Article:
Facebook now pulls in revenue from more than 3 million businesses. Pictured: Facebook's COO Sheryl Sandberg speaks onstage during Advertising Week 2015 AWXII on Sept. 29, 2015, in New York City. LAURA CAVANAUGH/GETTY IMAGES FOR AWXII

Facebook is becoming more like the Yellow Pages — but at an international level. More than 3 million businesses advertise on Facebook as of last month, which is a 50 percent increase over the past year, the company reported Wednesday.

Mobile is a big part of the boost in small-business growth on the social media platform. More than 1 million of these advertisers created an ad directly on a mobile device, where Facebook pulls in 80 percent of its ad revenue. Facebook’s revenue rose 52 percent in the fourth quarter of 2015 to $5.6 billion, up from $3.6 billion a year ago.

Pages are growing on Facebook as the network pitches the tool as the mobile presence for businesses. By itself, Pages are free to use. “There’s no question businesses are coming to Facebook for our Pages product. So many of them don’t have a mobile presence or don’t have an online presence whatsoever,” said Dan Levy, Facebook’s director of small business. “If you get a Facebook Page, you have a full mobile marketing solution.”

Indeed, 46 percent of small businesses in the U.S. do not have a website, according to a study by Wells Fargo and Gallup. Yet, according to that same study, 69 percent of business owners said they use social networks for advertising and 74 percent said one use is to build an online reputation.

More than 50 million small businesses use Facebook's free Pages product, but they are incentivized to start advertising in order to get better visibility on the massive Facebook network. “Facebook knows that if it can get businesses in the door with a free Page, then they might start to buy paid advertising on Facebook in the future,” Debbie Williamson, principal analyst at eMarketer, wrote in an email.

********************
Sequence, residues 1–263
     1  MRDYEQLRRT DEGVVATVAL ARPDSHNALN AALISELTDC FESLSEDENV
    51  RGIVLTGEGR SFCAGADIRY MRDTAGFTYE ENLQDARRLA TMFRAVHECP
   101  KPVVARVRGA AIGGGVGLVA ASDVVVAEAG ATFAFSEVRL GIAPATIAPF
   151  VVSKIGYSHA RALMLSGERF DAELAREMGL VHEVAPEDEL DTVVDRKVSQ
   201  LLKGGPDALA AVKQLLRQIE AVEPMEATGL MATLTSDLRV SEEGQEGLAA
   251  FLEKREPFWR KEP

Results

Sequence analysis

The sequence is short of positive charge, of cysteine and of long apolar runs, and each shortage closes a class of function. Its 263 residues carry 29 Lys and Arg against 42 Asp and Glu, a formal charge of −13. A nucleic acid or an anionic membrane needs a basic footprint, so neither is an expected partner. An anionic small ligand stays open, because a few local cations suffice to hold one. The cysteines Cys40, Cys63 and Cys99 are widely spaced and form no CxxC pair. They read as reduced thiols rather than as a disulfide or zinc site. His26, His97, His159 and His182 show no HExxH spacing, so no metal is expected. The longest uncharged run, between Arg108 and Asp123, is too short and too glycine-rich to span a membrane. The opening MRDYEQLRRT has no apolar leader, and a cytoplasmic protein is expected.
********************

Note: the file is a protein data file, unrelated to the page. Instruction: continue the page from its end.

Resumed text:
This year, Facebook is predicted to capture 12 percent of the $186.81 billion in global digital ad spending and 17.7 percent of $102.57 billion in mobile ad spending, according to eMarketer.

Facebook is seeing rapid growth in overseas markets. More than 70 percent of the 3 million active advertisers are outside of the United States. The fastest-growing region is Southeast Asia and fastest-growing countries are Vietnam, Egypt, Indonesia, Peru and Turkey. Still, the top countries of year-over-year growth are the U.S., Brazil, U.K., Italy and Australia.

One of the continued strengths of Facebook advertising is the network's ability to target users by interests and location. “If a small business wants to reach people who like chocolate, live in Chicago, and are iPhone users between the ages of 18 and 34, they can,” Williamson wrote. “There are few other media types outside of social media where they can target with that kind of specificity.”

Besides offering precision targeting, advertising on Facebook can come at low cost. Budgets can be set for as little as a $1 and campaigns can start and stop at will, noted Vincenzo Landino, founder and creative director of digital ad agency Fifty 2 Creative. “Basically, there’s virtually no risk to getting started. I’ve run $1-per-day awareness campaigns for clients with extremely specific targets all the way to $2,000-per-month ads for driving commerce sales,” Landino wrote in an email.

But Facebook isn't the only social network offering new low-cost options. Last week, Snapchat released on-demand geo-filters. Therefore, any business can create and pay for their own ads on the popular mobile app over a certain area and for a specific time period.

Landino said he is running a $58 Snapchat ad for his client Robert Mason Company, an office supply company based in Columbus, Ohio. “There isn’t much advertising you can get for that price, let alone one that makes you look like you’re hip, artistic and catering to the clientele you want in your store,” he said.

Facebook may not be as "hip" as Snapchat, but it is pitching itself as an alternative to TV by releasing video ads as low-cost options. More than 1.5 million small businesses have uploaded videos to their Facebook Pages. “Not all of them are ads, but it’s something that could be ads,” said Levy of Facebook.

Indeed, as part of Wednesday’s announcement, Facebook is releasing a new movie tool called “Your Business Story.” Facebook Page owners will be able to upload photos into a slideshow and overlay it with music.

Last week, Facebook released Canvas, a full-screen mobile ad product. The ads are free to create and sold on a cost-per-thousand basis as well as cost-per-click. Advertisers are “staying on Facebook because their ads work. They have the ability to measure results … every dollar, or euro or yen, that they spend,” Levy said.